41. 41. BIG HINT #1: You may benefit from reviewing the change management primer found within the 'Explore' section of ExperienceChange. Success in the simulation depends upon how well you apply the primer's 'staged approach to change'.
    42. 42. BIG HINT #2: The simulation is tough. Really tough (fewer than 20% of players succeed the first time through). If you find that you are struggling, think back to the staged model - maybe you've missed a step. Once you are done, check out the 'Reflect' section of ExperienceChange to see where you could improve and play again!</li></ul>  <br />6<br />METHODOLOGY<br />
    43. 43. 6<br />METHODOLOGY<br />Instructors Instructions (Group 2):<br />Same instructions as Group 1<br />PLUS<br />Complete Stakeholder analysis FIRST and review feedback before proceeding<br />Choose Tactics appropriately to fit Change Process outlined in Primer <br />Pay attention to available resources – cost and time<br />
    44. 44. Statistical Analysis<br />A repeated measures ANOVA examining the influence of Gender and Instruction on two dependent measures<br />Conversion Score<br />Session Score<br />No effect of Instruction was observed<br />Two groups were collapsed <br />6<br />METHODOLOGY<br />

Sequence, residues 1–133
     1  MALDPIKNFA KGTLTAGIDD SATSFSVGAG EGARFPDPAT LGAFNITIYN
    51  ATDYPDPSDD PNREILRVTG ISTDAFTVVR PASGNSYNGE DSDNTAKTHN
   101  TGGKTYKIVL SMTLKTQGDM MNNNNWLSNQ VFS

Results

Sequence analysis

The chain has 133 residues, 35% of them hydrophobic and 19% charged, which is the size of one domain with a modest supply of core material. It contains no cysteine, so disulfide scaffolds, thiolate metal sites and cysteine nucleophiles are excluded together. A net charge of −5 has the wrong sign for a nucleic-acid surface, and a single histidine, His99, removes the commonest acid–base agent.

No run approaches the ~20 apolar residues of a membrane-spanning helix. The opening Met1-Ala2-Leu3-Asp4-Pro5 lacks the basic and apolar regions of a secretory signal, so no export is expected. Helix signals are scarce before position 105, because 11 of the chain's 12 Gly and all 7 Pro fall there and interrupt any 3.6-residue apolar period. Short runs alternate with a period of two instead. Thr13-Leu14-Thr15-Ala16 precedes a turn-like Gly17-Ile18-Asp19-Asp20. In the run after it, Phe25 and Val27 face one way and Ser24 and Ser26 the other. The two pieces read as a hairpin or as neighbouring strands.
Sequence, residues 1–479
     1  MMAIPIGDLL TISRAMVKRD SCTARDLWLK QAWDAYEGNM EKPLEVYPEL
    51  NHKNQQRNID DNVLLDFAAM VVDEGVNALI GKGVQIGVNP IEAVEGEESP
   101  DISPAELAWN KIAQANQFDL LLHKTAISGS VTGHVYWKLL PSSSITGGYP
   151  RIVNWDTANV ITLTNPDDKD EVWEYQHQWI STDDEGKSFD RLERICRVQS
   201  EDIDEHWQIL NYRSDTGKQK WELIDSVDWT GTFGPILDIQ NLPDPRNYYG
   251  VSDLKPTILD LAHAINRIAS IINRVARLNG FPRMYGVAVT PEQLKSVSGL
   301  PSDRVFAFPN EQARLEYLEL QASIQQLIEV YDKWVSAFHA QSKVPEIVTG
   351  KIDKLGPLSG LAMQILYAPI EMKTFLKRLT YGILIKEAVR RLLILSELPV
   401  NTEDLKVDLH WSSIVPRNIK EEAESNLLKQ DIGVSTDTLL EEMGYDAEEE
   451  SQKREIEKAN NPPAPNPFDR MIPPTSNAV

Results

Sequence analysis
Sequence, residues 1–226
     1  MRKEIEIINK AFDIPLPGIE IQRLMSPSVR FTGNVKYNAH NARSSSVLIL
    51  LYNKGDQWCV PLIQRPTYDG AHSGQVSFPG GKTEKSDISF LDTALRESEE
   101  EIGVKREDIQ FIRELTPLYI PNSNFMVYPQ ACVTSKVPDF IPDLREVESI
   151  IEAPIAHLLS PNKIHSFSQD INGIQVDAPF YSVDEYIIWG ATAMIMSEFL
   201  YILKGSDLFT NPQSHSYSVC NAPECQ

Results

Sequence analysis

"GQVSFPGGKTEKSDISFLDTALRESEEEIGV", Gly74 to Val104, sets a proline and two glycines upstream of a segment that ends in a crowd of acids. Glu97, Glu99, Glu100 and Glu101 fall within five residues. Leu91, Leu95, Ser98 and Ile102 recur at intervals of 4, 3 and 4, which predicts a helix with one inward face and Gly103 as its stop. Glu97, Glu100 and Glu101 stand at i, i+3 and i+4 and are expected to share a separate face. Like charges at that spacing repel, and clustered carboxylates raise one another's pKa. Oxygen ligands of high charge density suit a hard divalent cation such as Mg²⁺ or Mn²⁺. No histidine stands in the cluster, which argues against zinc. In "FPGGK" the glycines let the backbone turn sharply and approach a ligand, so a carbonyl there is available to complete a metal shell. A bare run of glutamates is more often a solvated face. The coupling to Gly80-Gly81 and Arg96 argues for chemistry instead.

45. 45. 7<br />RESULTS: Conversion Score Effect<br />
    46. 46. 7<br />RESULTS: Session Score Effect<br />
    47. 47. 7<br />RESULTS<br />
    48. 48. 7<br />RESULTS<br />
    49. 49. 7<br />RESULTS: Conversion Score Effect for Group 2 <br />Note: Only Group 2 was required to complete 3 simulation trials.<br />
    50. 50. 7<br />RESULTS: Session Effect for Group 2<br />Note: Only Group 2 was required to complete 3 simulation trials.<br />
    51. 51. <ul><li>Small Sample size
    52. 52. Unequal Gender Distribution
    53. 53. Some subjects failed to complete the simulation twice (N = 2)
    54. 54. No verification that students read the additional instructions
    55. 55. No idea if knowledge was transferable beyond the simulation
    56. 56. Evaluate student knowledge using another measurement
    57. 57. Expose students to another simulation and assess for improved performance